They are much more than just the indicators of presence of oil and gas reserves. Fossils provide a detailed glimpse into the past. Pieced together into a ‘tree of life’, these petrified remains of prehistoric organisms when unearthed form an important line of evidence to understand the process of evolution.
From the type of fossils uncovered from a particular location, you can, for instance, tell what kind of environment existed there when the fossil was formed. You can also tell how ancient plants and animals obtained their food, reproduced, behaved and died.
Study of fossil remains thus opens a door to a whole new world of discovery. And Mohammed al-Thani, a recent Business graduate from College of North Atlantic-Qatar (CNA-Q), is curious to know what stories are hidden in almost two hundred fossil remains that he has collected in his free time.
Working closely with a mentor and scientist Dr Aurora M Castilla, Acting Research Director of Environmental and Chemical Sciences Group Qatar Environment and Energy Research Institute (QEERI), Hamad Bin Khalifa University (HBKU), Mohammed has unearthed these fossils from the Unesco Biosphere Reserve of Al Reem in the North West of Qatar.
They are about 45 million years old, this much he knows. In conversation with Community, Mohammed says he wants to get to the bottom of each fossil’s individual and collective story.
Dr Jacques LeBlanc, a geologist from Qatar Petroleum, has been voluntarily helping him with the identification of some groups and ageing of the fossils.
Mohammed, however, feels the more expert palaeontologists are needed to examine the fossils and identify the species they belong to. And he is well on his way to achieve this proficient view.
The fossils he collected in Al Reem are now deposited in a collection of the General Directorate of Natural Reserves, Private Engineering Office until they are transferred to the Qatar Museum for their study and use in public exhibitions.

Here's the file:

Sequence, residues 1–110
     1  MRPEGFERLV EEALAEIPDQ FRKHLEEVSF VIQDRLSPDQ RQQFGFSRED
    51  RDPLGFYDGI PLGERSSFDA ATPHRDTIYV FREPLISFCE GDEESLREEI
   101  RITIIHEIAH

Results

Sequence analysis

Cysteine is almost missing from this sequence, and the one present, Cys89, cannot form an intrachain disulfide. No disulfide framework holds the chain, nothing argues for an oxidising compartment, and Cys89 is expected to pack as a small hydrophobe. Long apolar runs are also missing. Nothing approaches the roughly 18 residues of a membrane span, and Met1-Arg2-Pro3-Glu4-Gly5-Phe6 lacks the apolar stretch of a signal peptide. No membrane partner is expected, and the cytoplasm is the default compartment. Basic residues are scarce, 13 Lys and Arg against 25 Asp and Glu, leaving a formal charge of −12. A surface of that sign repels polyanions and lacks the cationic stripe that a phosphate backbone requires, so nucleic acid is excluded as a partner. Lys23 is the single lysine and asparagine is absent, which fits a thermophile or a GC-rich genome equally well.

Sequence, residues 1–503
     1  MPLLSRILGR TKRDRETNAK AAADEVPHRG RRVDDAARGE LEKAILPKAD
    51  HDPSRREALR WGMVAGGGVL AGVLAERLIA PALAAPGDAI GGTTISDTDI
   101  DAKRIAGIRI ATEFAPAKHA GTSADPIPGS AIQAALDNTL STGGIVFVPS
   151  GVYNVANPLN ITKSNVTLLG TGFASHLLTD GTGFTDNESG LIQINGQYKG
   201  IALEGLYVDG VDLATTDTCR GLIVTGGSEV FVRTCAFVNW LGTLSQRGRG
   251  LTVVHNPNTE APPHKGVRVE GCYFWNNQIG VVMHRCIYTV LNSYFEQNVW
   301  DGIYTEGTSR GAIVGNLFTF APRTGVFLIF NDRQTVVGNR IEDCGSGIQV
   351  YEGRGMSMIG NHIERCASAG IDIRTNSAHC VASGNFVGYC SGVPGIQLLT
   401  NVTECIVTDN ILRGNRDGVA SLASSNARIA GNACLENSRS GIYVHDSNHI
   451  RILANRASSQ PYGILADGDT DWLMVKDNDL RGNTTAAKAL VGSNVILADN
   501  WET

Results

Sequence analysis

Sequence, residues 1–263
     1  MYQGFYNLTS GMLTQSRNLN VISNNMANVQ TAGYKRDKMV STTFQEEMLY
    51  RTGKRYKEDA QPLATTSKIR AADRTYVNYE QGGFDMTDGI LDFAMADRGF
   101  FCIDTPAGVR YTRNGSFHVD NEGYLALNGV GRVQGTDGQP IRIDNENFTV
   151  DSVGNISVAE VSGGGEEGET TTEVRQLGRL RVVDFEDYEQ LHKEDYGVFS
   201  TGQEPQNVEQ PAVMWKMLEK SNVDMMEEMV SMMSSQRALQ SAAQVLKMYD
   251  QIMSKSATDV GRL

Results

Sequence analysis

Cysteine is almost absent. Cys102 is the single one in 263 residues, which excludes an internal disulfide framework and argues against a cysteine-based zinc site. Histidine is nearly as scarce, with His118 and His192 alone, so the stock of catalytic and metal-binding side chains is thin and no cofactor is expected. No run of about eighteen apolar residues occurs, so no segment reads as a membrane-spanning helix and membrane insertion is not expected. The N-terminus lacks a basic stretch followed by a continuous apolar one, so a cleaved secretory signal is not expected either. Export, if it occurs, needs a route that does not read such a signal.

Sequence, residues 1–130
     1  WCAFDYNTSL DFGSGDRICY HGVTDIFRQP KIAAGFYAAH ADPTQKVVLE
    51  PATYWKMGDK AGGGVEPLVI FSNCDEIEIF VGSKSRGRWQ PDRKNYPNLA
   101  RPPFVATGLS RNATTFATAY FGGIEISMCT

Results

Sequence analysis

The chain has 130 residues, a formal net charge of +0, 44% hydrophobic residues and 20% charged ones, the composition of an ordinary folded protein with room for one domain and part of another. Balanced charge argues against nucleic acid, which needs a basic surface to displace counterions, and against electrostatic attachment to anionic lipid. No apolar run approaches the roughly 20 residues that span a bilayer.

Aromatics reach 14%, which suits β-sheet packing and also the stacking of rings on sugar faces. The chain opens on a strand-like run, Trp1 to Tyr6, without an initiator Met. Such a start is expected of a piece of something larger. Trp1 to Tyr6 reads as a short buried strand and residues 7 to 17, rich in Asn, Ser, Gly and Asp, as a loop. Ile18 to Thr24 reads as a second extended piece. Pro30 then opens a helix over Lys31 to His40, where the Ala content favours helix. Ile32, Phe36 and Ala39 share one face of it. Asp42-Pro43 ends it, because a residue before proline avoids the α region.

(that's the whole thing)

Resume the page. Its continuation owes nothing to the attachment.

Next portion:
“When I was young I knew they find fossils from different places all across the world, but I never knew I would be able to find fossils in Qatar,” says Mohammed.
“Some 12 years ago, I was with one of my uncles at our private farm and he gave me a shell and said this was a fossil. I did not know its value back then,” he recalls.
Fast forward to November 2013, he was hunting for houbara and while trailing the bird through its footprints he found a rock with fossil marks petrified in it. He stopped right there and then went on to search the area for fossils.
On that day he found almost 10 big pieces of fossils but he did not know anything about their age and other specifications. “Back then, I thought they must be some 1000 years old or so,” Mohammed smiles.
In a few months during the course of his fossils’ discoveries, Mohammed met Dr Aurora and her other biologist colleagues. He showed them the pictures of the fossils in his phone. Seeing the pictures, they were all excited to see the real pieces.
The next weekend, Mohammed took them to the site. More discoveries were made. In 2014, Mohammed actively started looking for someone who could tell him more about the fossils and their age.